If you are tired of receiving mixed signals about what we should eat, what we shouldn’t, what we should drink, what we shouldn’t, how much we should drink, etc., you are not alone. Most of us have become exhausted listening to expert opinion about what is, and what is not good for us. We all hop on the band wagon in search of optimal health only to find, a couple of years down the line, that they were completely wrong about their recommendations. That leaves most of us scratching our heads wondering which advice to believe and which to bypass.
The truth is that anything which is extreme is probably not good advice. Our bodies are made with a design. Everything that our body does it does so for a reason, including the signals that it sends to our brains. Take for instance thirst. When we experience the sensation of thirst it is our body’s way of telling us that we are in need of water. There are some experts who would have us believe that our bodies are somehow misguided, or that it doesn’t really know when it is low on water. They tell us that we should ignore it if it is not telling us we are thirsty and chugalug.
Why the big push for pounding water?
Several years ago Heinz Valtin who is a leading expert of kidney function at Dartmouth Medical School, decided that he was going to test the hypothesis of the medical community that the body needs eight, eight ounce glasses of water daily. He was shocked to find that there was absolutely no definitive studies out there that even suggested that the “eight times eight” rule was a viable one. What he did find was that, for healthy adults, drinking that much or more, could in fact be dangerous to their health. Not only does drinking excess water increase your chances of getting hypnotremia, it also has the potential to overload the system with exposure to pollutants.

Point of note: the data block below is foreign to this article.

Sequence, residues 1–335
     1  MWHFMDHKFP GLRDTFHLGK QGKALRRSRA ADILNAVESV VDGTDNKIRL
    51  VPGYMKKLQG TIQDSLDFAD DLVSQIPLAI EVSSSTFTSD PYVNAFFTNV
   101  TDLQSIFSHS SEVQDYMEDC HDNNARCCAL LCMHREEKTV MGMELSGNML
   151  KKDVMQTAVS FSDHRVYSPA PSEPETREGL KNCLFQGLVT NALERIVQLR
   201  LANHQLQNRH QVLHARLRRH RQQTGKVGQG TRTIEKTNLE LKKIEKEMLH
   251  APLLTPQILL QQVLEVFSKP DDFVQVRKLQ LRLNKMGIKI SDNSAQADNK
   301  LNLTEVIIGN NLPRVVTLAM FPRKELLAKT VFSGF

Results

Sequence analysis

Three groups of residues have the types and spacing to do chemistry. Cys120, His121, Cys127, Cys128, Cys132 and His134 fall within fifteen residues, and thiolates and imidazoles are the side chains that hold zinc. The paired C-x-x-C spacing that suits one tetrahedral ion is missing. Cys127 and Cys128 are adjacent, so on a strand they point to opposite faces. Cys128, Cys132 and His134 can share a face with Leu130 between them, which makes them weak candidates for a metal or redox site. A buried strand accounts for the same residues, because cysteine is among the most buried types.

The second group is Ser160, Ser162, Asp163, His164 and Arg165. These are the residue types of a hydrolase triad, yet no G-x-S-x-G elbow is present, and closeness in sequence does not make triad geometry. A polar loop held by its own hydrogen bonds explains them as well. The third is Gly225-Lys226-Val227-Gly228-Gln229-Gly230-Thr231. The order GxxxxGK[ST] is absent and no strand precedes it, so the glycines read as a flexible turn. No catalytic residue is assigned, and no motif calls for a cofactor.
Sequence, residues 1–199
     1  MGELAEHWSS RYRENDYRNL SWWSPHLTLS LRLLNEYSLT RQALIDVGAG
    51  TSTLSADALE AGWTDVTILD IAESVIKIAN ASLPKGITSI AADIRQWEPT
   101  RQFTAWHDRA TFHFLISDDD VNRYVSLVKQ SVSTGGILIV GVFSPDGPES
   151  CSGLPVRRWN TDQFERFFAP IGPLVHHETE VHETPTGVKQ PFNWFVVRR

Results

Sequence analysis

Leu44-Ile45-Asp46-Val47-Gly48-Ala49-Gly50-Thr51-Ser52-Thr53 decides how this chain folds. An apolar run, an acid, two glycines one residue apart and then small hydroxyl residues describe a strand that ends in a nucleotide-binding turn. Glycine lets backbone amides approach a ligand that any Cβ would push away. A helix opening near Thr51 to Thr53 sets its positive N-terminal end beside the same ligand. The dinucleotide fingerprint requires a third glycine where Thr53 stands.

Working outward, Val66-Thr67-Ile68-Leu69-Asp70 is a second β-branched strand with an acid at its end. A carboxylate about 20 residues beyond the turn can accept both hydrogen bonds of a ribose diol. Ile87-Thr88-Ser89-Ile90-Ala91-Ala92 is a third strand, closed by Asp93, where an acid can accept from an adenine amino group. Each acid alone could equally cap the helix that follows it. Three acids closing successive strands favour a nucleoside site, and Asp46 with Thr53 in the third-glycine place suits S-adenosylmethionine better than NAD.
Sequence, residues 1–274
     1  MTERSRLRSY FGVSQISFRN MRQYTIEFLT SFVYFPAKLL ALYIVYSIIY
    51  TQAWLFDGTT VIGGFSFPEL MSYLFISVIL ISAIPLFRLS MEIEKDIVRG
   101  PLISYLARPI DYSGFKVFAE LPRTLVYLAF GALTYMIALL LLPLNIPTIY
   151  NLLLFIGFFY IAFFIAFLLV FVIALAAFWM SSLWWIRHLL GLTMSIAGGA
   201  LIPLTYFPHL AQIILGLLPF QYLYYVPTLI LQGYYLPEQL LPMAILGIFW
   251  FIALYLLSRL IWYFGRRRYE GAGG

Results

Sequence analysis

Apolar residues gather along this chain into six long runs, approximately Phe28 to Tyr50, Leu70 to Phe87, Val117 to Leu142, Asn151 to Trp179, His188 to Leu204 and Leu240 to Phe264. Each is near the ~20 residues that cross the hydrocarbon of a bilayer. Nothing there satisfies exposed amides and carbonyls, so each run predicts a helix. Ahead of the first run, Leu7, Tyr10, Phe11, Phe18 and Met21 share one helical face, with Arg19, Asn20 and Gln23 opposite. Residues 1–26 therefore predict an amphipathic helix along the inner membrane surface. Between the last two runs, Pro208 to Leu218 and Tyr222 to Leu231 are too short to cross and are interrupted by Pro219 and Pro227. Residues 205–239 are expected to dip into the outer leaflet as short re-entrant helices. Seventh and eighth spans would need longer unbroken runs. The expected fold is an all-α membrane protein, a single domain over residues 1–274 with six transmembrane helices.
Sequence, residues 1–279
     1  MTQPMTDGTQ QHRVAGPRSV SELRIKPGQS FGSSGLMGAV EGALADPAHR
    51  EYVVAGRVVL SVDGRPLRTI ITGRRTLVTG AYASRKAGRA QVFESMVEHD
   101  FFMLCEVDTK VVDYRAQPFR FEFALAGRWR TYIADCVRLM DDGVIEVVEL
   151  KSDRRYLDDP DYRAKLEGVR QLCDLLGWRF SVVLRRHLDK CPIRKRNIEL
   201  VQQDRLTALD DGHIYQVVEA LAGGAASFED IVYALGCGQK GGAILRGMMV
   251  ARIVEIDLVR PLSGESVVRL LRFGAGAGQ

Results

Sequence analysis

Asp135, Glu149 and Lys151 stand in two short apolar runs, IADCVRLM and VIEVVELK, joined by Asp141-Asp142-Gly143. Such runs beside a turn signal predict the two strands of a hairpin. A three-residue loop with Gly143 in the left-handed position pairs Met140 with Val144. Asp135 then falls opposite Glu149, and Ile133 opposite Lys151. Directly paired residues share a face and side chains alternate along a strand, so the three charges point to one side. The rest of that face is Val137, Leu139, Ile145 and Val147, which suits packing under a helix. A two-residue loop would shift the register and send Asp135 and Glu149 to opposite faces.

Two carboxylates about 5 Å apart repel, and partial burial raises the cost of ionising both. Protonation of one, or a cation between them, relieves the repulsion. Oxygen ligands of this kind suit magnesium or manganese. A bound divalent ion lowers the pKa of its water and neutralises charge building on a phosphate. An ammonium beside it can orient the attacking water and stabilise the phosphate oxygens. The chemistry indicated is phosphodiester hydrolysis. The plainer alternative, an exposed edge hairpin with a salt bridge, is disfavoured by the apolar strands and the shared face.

So where did the notion that eight glasses of eight ounces was recommended? The problem is that no one knows. We do know that when you consume too much water in a short period of time it dilutes the sodium concentration in the blood which results in the expansion of blood cells. That can result in edema in the brain in severe cases, although not common. The kidney’s are not equipped to keep up with that type of regulation. So not only does it cause edema in the cells, it taxes the function of the kidneys. You can imagine, on a continual basis, that it is probably not good for you.
So how much water do I actually need?
Every body is different, every body’s kidneys function differently, and with everyone expending fluids at a different rate due to things like perspiration, urination and the like, the best gauge that you have to go by is your body. Thirst is the mechanism through which the body is able to tell you what it does, and does not need. I suppose if we all stopped listening to the experts and started listening a little more to what our bodies are telling us, we may find a better optimal health for ourselves individually. So, although to some it may not sound scientific enough, just start listening to the cues that your body is giving you and follow them.